2016 Digital Bankers of the Year: Each year American Banker recognizes bankers who are helping their companies deliver great customer experiences in digital channels, and among those who have been selected this year are Carrie Sumlin and Secil Watson. Sumlin, digital consumer executive of Ally Bank, is leading its effort to streamline online banking, with initiatives that include making logins simpler and anticipating customer needs. Watson, head of wholesale Internet solutions for Wells Fargo, is planning a summer rollout of software that will allow commercial customers to scan their eyes to verify their identities, which should shorten the login process. Check out all of the Digital Bankers of the Year profiles here.
An Effective Way to Shush Women: As mandatory arbitration lives on, so does gender inequality and harassment on Wall Street, argues Susan Antilla at TheStreet. Banks are forcing their employees into silence with non-disparagement agreements, agreements not to participate in class actions and strict gag orders in settlements, Antilla writes. Companies fire complainers and seal damaging documents that could end up in a public court file. The arbitration issue has been getting a lot more attention lately, as apparent from our recent newsletters. For example, Maureen Sherry, a former Bear Stearns managing director, highlighted this practice in her novel "Opening Belle," released earlier this year, saying such agreements are often written into new hires' contracts to be signed before starting a job (as you may recall reading here).
FX Vanguard: Despite the rise of women in currency trading, the financial services industry is still dogged by its "bros' club" image and most agree gender parity is a distant goal. Foreign exchange heads Claudia Jury of at JPMorgan Chase, Catherine Flax of BNP Paribas and Camilla Sutton of Scotiabank are leading a "vanguard" of women "chipping away at Wall Street's bros' club." Flax says there are "quite a lot of senior women and an even larger number of juniors coming up." Sutton is hopeful more change is ahead. "When I look above me, there are women, but they're few and far between," she says. "It still feels like there's a big ladder to climb ahead of me – maybe it never feels like you're there. Maybe that's what keeps you coming back every day."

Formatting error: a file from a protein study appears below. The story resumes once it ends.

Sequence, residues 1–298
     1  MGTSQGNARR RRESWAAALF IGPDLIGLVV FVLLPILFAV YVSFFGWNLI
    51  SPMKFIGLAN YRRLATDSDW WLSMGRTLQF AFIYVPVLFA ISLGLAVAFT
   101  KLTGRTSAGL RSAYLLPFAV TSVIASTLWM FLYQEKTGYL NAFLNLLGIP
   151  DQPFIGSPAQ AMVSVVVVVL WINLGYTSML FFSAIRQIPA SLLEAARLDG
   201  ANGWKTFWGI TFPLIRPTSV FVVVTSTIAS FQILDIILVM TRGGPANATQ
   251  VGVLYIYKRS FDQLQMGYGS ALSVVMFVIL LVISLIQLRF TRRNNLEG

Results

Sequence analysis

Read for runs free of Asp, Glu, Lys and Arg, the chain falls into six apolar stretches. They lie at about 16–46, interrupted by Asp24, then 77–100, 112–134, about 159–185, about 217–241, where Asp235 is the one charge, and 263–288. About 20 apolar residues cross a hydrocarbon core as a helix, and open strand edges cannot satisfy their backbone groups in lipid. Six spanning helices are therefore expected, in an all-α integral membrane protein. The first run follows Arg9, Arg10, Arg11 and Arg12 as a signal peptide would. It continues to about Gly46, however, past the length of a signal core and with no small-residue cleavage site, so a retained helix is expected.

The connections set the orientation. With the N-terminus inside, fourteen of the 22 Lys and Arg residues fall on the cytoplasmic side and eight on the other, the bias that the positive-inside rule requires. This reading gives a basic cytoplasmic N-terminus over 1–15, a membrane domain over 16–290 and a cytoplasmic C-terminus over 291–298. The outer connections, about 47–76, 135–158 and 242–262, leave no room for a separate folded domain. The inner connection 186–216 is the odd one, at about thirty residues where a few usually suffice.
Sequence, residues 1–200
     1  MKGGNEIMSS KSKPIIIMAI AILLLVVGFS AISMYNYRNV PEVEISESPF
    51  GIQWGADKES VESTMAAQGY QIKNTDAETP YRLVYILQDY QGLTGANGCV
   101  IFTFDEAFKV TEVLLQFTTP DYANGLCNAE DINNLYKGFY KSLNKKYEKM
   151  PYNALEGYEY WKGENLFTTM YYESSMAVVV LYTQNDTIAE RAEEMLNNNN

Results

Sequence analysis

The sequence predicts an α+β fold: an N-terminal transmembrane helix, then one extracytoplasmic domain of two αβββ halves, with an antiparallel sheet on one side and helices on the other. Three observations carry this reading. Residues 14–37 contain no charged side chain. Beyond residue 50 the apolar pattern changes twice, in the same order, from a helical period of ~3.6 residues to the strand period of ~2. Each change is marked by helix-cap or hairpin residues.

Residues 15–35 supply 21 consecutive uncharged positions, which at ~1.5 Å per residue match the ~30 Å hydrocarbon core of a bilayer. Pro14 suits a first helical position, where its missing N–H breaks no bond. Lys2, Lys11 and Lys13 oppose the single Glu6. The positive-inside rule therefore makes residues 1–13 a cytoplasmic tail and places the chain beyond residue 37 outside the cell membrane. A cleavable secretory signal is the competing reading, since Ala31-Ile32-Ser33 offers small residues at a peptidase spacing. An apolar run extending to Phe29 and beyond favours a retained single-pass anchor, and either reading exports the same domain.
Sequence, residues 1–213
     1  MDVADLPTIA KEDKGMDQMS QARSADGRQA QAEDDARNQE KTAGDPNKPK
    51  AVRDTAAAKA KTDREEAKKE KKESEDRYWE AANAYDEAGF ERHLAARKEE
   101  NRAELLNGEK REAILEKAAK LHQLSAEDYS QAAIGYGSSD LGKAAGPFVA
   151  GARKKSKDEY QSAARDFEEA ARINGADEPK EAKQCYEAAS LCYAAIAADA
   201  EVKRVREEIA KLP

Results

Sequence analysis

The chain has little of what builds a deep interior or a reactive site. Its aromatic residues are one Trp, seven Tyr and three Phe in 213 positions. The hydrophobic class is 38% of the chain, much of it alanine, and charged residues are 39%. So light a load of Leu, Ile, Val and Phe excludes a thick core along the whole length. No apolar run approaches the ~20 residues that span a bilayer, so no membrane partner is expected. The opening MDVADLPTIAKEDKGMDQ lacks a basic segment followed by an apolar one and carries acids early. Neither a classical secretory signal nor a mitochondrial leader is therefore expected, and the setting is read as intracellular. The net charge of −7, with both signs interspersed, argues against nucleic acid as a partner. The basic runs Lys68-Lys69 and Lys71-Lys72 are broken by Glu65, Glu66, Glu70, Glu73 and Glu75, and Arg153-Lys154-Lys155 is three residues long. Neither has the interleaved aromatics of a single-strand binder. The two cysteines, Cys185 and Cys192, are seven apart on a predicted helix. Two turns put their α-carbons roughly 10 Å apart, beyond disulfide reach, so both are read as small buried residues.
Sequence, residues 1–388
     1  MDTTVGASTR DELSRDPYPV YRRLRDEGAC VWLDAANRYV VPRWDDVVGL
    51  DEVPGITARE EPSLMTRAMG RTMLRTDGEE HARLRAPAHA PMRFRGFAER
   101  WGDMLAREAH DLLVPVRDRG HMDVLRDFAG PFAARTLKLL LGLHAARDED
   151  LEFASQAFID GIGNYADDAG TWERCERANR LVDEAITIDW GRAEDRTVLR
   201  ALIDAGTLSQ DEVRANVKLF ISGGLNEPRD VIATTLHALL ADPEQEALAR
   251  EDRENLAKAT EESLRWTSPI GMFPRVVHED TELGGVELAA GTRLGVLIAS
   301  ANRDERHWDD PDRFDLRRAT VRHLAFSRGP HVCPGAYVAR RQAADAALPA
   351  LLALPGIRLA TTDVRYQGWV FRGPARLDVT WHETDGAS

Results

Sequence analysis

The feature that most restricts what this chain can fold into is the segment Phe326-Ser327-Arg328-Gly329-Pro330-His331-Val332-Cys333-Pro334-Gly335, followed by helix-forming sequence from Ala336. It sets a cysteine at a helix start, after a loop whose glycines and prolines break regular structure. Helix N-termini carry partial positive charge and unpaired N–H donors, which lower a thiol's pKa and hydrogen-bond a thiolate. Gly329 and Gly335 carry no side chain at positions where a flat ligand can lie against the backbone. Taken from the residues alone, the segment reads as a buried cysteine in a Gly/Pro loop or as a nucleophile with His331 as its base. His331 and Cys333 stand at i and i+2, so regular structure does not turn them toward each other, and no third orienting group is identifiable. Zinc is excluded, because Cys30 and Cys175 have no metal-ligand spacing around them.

Goldman Grades: Goldman Sachs its scrapping numerical ratings in performance reviews as employees seek "more direction with respect to how they can improve," according to Edith Cooper, global head of human capital management. It's the latest measure by Goldman — which recently announced it would expedite promotions for top-performing analysts and associates — to retain its junior bankers. Goldman will keep its 360-degree annual review, in which employees solicit feedback from their managers and a select group of colleagues. It also will test an online tool among some employees that allows them to give and receive feedback at any time, Cooper said.
Amalgamated Bank in New York has appointed Lynne Fox as its first female chairman. Fox is the international president of Workers United and manager of the Philadelphia Joint Board for Workers United.
Stock Performance Review: Morgan Stanley studied companies with high gender diversity and found they had better stock returns with lower volatility. "It isn't a little less volatility," said Chief Equity Strategist Adam Parker, who led the study. "The volatility is so much lower that you're capturing something about more balanced, higher quality organizations." The study gathered information from 1,600 companies, including the percentage of female employees overall and in executive roles, the size of the gender pay gap, policies that address diversity issues and programs that enhance the work-life balance, like maternity leave.
Where the Female CFOs Are: While women make up roughly 14% of chief financial officers at Fortune 500 companies in this country, they represent 42% of CFOs at nonprofit institutions. Crain's addresses the possibility that nonprofit CFOs might be the new "women's job" – like for-profits' general counsels, marketing officers and HR positions. Female nonprofit CFOs make 20% less than men working in similar roles, research shows.
Mission to Modernize: Girl Scouts membership has been on the decline, so the organization's chief executive, Anna Maria Chávez, is seeking ways to modernize the group and its image. She has invested in creating a digital presence, such as allowing members to buy uniforms online, and new hires in areas like technology and branding. Girls can now also earn badges in things like STEM subjects and financial literacy. In addition, the organization welcomes transgender children on a case-by-case basis. If the child is recognized by the family, school and community as a girl, "then Girl Scouts is an organization that can serve her in a setting that is both emotionally and physically safe," Chávez says.